This progress has involved several measures, including promoting energy-saving light bulbs and electrical appliances among individual consumers, expansion of public transportation, upgrading energy systems in government and office buildings, and expanding renewable energy, especially solar power, biomass and biogas.
‘‘Thailand is moving in a good direction as we can achieve the minimum target of emissions reduction,’’ said Onep secretarygeneral Raweewan Bhuridej.
‘‘But even with a positive outcome, we won’t stop taking action to reduce emissions,’’ she said.
In 2014, Thailand pledged to cut greenhouse gas emissions in the energy and transportation sectors by seven to 20% by 2020 under Nationally Appropriate Mitigation Actions, a UNFCCC mechanism to reduce emissions in developing countries while promoting sustainable growth.
During Cop21 in Paris in 2015, the Thai government pledged another target, which is to cut emissions by 20 to 25% by 2030, or cut at least 115.6 million tonnes of carbon dioxide equivalent in sectors including energy, transport, industry and waste.
To fulfil these pledges, a national committee on climate change policy recently approved the draft action plan on climate mitigation (2021-2030) and the country’s first draft of its national adaptation plan, which provides a framework for agencies to integrate climate action into their plans.
Simultaneously, Onep, with support from the Australian government is developing a greenhouse gas emission inventory system.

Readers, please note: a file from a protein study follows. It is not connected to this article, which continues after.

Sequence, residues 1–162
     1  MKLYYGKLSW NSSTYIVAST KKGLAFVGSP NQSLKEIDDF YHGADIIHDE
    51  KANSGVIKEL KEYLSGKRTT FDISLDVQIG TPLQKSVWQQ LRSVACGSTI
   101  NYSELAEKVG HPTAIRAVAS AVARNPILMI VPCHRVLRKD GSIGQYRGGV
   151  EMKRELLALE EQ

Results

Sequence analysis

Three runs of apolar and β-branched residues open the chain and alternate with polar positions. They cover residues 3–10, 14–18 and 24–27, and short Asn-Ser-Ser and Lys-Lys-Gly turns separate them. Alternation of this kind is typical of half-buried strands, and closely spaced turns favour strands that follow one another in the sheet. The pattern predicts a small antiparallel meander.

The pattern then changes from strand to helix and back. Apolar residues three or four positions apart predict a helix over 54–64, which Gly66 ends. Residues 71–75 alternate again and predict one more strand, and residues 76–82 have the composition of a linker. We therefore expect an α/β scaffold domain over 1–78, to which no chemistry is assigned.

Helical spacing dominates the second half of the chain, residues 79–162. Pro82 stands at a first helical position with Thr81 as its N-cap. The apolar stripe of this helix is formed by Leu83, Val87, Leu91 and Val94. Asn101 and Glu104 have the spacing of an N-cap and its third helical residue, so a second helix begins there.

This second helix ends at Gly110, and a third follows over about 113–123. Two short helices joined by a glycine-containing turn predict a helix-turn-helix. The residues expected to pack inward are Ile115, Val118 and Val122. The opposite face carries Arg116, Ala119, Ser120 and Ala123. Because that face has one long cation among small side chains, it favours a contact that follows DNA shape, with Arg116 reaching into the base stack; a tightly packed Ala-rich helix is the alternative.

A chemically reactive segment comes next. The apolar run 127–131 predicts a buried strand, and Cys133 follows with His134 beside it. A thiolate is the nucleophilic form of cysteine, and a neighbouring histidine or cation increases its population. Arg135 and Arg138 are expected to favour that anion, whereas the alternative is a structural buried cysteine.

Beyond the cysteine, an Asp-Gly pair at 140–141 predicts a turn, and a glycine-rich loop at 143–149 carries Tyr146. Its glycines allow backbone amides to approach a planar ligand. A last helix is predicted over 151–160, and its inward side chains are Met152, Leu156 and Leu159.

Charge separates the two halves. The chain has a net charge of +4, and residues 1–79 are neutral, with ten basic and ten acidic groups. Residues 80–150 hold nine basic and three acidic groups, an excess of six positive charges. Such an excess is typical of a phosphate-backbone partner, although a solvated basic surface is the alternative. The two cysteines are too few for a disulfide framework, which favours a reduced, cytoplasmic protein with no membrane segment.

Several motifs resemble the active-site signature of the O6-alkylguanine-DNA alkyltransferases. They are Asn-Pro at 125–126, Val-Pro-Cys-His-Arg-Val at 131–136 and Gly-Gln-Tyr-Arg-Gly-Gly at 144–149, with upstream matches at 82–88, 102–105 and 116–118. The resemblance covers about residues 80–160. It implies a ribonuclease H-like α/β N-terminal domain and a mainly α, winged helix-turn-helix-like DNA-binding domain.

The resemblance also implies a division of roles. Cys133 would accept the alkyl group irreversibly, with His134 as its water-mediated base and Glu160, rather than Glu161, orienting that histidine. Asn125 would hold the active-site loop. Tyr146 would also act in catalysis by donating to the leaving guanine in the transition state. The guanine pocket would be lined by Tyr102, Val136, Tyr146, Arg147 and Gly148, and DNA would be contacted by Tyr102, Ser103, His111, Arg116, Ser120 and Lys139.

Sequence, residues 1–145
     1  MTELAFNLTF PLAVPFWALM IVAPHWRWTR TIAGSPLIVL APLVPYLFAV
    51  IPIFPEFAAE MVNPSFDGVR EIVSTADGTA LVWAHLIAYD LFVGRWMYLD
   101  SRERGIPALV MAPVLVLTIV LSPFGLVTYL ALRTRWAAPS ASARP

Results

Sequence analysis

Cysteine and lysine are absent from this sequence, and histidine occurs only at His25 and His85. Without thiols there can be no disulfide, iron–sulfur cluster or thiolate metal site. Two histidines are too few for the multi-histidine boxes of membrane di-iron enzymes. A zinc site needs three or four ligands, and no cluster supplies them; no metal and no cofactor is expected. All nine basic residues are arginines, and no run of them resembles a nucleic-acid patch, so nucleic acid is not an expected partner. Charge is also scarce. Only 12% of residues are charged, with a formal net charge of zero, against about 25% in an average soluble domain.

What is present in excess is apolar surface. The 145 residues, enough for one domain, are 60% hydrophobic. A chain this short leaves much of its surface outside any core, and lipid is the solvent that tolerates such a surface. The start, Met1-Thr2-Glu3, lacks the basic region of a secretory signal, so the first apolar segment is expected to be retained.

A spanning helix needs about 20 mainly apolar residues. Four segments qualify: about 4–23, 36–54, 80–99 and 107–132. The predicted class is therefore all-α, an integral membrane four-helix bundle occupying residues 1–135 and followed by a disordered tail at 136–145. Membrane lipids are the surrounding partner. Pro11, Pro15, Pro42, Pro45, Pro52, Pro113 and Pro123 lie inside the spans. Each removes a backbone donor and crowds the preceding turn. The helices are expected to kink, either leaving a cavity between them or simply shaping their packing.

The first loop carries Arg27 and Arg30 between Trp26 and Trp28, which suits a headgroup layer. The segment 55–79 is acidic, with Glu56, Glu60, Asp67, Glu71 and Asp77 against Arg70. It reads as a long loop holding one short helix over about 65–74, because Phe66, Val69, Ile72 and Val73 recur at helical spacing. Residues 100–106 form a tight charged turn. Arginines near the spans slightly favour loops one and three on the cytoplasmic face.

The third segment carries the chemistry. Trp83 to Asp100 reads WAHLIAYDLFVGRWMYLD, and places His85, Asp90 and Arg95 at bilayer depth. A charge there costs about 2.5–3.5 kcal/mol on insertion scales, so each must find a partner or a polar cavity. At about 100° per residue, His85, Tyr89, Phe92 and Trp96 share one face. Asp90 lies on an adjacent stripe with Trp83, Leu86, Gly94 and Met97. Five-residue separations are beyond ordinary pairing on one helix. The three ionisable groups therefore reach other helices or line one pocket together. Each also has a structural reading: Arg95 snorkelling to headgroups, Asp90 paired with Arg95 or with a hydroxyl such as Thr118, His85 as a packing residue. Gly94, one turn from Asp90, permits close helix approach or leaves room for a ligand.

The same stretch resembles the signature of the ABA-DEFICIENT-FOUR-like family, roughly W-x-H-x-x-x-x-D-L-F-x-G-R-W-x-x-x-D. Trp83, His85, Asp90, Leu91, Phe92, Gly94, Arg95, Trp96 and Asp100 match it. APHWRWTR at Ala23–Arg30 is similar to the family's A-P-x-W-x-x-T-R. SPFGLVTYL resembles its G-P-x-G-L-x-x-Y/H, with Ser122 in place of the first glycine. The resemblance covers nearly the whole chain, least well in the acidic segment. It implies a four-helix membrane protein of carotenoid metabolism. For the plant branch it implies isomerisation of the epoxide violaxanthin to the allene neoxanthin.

It’s expected that the Thai government will be able to track data of greenhouse gas emissions in some sectors beyond energy, especially the transport sector, by next year.
‘‘But we’re aware that this is not enough,’’ said Ms Raweewan.
“We must set a more ambitious target. We must do more. However, we must cut emissions in balance with economic growth,’’ she insisted.
In October, the Intergovernmental Panel on Climate Change (IPCC) released a special report on “Global Warming of 1.5 °C”, saying the targets of carbon emission reduction pledged by worldwide governments in the Paris Agreement are no longer enough to limit global warming to 1.5C.
To meet a 1.5C target would require “deep emissions reductions” and “rapid, far-reaching and unprecedented changes in all aspects of society”, says the report. Even Thailand is able to reduce emissions in its energy sector.
The Energy Policy and Planning Office’s data shows that carbon emissions per capita have increased from 3.21 to 3.90 tonnes per Thai person between 2008 and 2017.
The numbers indicate that individual consumption is rising, especially in the energy sector.
Similar to the trend of major industrial countries in Southeast Asia, the growing middle-class with more purchasing power has raised the consumption demand.
Arpa Wangkiat, a Rangsit University academic who is part of Thailand’s fossil fuel phase-out movement and civil society group joining Cop24, said the country needs energy reform.
“Every country must work together to create clear-cut policies and practical work programmes to cut emissions,’’ she said.
“This is urgent. We are nearing a critical point.”